When the air arrives at the shore, it is humid and unstable, resulting in snow showers.
Form over oceans at high latitudes, cool to cold & humid.
Mild compared with cP and cA, since they form over water rather then land.
Sources of mP that affect America are (1) the north Pacific, and (2) N.W.Atlantic from Newfoundland to Cape Cod.
Pacific mP air masses in winter start out as cP air in Siberia as a cold, dry & stable air mass.
Flow over relatively warm sea causes warming & evaporation from the sea water, making the air warm and moist.
When they reach the US, the air masses form clouds and bring shower activity at the coast.
As the air moves inland, the mountains cause orographic lifting, which causes rain & snow on the western (windward) side of the mountains.
In summer, mP air flows over water that is cooler than the land.
The Pacific anticyclone (high pressure, clockwise flow of air) directs a southward flow of cool air.
Results in low stratus clouds and coastal fogs.
The cool air is warmed as it moves east over land, so the RH decreases and the air becomes dry.
N.W. Atlantic mP air masses move east, away from US towards Europe (general eastwards movement of weather events)
Usually do not affect the US in winter, except when the northern or northeastern US is on the northern or northwest edge of a low-pressure cyclonic region.
Anticlockwise flow around the cyclone draws in the cold mP air into the US, generally from the NE - called nor'easter.
Affect areas east of Appalachians and north of Cape Hatteras (NC).
Get strong (cold) winds, temperatures near 0C, high RH & precipitation.
In the summer, cool air is welcomed.
The southern part of the NW Atlantic high (high pressure, clockwise flow of air) that exists during the summer brings cool easterlies into New England and locations further south.
Originate over Gulf of Mexico, Caribbean sea, and western Atlantic ocean.
Also from eastern tropical Pacific, but these have little effect.
mT air masses are warm to hot, humid, and often unstable.
mT air masses are an important way by which heat from the tropics can move polewards.
North Atlantic mT air masses (includes Caribbean & the Gulf) are located on the weak western side of the subtropical high (anticyclone), where subsidence is weak.
These air masses are the primary source of precipitation in the eastern 2/3 of the country (west of the Rockies, which drain the moisture from air masses coming from the west coast.)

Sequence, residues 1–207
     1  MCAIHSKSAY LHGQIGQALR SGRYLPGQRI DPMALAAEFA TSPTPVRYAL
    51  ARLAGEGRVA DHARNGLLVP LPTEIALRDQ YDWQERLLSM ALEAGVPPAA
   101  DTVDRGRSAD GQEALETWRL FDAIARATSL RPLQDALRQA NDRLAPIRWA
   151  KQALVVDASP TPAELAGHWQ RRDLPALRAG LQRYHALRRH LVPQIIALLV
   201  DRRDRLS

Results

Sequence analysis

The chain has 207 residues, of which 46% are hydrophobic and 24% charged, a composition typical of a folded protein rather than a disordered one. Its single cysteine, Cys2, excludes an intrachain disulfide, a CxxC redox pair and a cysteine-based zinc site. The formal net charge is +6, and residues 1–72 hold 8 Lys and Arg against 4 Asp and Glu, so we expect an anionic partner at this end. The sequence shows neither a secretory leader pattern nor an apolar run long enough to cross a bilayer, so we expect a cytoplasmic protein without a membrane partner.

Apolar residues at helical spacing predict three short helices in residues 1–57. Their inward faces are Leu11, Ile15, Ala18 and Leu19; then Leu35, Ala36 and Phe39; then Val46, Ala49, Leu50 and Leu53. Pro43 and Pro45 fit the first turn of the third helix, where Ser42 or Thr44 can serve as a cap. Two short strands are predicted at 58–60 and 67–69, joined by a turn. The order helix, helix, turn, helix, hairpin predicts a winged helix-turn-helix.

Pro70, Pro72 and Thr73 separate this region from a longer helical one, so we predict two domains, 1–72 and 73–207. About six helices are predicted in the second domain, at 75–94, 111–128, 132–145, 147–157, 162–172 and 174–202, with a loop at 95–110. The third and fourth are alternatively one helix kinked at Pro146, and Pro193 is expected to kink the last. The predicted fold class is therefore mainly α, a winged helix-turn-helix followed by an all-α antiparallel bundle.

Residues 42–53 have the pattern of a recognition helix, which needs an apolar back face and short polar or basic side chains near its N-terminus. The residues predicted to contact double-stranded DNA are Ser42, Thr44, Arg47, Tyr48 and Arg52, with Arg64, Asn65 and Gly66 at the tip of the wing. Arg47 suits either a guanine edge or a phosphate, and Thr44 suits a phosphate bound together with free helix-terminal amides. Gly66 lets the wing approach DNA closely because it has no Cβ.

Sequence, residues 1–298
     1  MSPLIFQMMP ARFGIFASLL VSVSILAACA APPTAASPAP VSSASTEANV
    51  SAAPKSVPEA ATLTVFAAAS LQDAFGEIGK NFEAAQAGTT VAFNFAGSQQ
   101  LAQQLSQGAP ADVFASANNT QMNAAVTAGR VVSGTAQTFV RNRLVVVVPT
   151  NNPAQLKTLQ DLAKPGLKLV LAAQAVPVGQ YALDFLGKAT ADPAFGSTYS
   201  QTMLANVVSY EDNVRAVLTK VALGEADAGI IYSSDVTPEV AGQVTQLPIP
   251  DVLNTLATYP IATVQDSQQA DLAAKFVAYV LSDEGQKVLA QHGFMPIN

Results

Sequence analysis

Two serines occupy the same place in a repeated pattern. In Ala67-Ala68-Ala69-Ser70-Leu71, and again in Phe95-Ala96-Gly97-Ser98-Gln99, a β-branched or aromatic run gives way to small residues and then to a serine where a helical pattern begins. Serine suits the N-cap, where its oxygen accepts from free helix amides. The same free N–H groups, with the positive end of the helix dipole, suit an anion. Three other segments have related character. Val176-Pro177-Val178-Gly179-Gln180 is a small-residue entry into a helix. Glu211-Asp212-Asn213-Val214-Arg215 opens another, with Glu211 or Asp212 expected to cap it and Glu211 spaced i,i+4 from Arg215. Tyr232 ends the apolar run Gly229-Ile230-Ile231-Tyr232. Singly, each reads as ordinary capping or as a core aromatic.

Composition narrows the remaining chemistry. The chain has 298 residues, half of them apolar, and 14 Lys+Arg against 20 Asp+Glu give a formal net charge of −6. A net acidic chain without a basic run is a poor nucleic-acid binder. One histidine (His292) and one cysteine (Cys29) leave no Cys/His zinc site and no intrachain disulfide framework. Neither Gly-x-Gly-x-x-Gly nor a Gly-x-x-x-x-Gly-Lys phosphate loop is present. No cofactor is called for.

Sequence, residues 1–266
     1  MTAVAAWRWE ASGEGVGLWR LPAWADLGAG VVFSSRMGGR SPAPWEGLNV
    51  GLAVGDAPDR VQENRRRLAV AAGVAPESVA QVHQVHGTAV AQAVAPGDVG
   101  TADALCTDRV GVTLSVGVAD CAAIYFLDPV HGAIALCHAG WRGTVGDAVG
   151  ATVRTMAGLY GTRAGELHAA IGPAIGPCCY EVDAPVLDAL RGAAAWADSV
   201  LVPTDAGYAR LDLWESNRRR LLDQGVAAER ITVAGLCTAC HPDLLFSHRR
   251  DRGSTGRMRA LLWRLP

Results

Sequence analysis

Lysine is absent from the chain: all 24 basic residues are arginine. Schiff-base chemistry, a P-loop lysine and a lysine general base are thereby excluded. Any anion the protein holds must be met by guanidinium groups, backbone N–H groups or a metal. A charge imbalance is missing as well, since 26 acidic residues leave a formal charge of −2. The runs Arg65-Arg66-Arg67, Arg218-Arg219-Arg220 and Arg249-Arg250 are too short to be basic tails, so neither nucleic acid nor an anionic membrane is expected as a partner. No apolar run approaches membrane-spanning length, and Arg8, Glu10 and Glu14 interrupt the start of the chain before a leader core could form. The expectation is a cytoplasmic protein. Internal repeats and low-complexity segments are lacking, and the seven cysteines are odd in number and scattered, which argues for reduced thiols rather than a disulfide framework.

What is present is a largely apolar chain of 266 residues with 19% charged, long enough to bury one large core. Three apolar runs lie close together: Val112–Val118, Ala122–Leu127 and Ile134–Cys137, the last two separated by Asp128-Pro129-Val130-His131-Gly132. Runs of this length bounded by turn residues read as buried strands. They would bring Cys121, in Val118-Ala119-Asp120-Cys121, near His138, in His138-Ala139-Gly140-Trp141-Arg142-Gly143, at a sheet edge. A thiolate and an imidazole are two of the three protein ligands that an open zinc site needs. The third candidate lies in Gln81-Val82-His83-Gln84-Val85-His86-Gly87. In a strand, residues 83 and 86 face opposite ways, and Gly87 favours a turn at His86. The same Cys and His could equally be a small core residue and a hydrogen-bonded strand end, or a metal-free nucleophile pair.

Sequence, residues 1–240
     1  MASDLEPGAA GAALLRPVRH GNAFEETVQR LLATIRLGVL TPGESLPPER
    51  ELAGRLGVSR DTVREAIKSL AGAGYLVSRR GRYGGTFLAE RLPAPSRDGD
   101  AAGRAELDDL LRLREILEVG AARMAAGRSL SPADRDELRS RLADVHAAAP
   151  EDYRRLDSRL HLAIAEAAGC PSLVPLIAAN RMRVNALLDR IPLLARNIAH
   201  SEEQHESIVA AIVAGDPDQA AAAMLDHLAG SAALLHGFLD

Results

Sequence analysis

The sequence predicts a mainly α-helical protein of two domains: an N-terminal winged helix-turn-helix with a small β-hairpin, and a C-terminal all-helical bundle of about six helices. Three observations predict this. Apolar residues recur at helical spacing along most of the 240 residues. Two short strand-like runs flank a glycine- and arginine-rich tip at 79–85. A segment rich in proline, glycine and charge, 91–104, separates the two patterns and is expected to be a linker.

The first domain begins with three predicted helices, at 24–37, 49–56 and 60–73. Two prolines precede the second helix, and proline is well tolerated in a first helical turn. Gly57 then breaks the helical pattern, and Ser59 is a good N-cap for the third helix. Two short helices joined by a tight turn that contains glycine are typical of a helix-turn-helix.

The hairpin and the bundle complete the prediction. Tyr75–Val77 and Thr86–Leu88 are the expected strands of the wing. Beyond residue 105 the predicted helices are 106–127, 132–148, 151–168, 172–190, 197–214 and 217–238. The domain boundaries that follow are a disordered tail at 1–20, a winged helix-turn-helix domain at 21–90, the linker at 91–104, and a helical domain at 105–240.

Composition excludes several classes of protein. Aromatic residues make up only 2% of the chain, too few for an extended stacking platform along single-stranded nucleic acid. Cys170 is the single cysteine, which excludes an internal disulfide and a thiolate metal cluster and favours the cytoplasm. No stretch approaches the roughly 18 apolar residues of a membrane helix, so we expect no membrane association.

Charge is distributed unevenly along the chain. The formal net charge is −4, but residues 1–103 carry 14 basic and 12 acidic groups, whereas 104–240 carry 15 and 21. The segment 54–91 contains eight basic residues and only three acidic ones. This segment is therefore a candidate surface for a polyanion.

mT air masses are neutral or unstable.
During winter, cP air usually dominates the mT air over central & eastern US.
Sometimes, however, mT wins the battle and invades the US. The warm air is chilled & stabilized as it moves north. (Now have mTw )
Widespread precipitation occurs when the warm air mass is pulled into a travelling cyclone, and forced to ascend.
mT air masses from the Gulf are the cause of most wintertime precipitation over eastern and central states.
Dense fogs also result.
In summer , the air masses from the Gulf, the Caribbean & northern Atlantic are more abundant than in winter.
Dominate the weather east of the Rockies.
Monsoonal flow (sea to land) sends warm, moist air deep into the continent. Gives rise to hot & humid weather in eastern & southern US.
Flow is mTk (cool air over warmer land), and air is unstable, especially during the day (land is hotter).
Only a small amount of lifting is needed to bring about active convection, cumulus clouds & thunderstorms or showers.
Isohyets are lines connecting places with equal rain fall. (Fig 8.9)
North Pacific Maritime Air has much less effect than mT from the Gulf etc.
In winter , only NW Mexico and SW US are affected.
Because the source region lies along the eastern side of the Pacific anticyclone, subsidence aloft produces upper-level stability. As the air mass moves northward, cooling at the surface increases stability.
In summer , the mT air moves northwards up the Gulf of California and into the interior of the western US.
Summer heating of the land produces a low, into which the moist mT air flows.
SW locations get most rain in July & Aug.
US narrows towards the south, so there are no extensive source regions for cT air masses.
In summer , the northern part of interior Mexico and adjacent parts of the US SW produce hot & dry cT air.
Air is unstable, but has extremely low humidity, so no clouds or precipitation.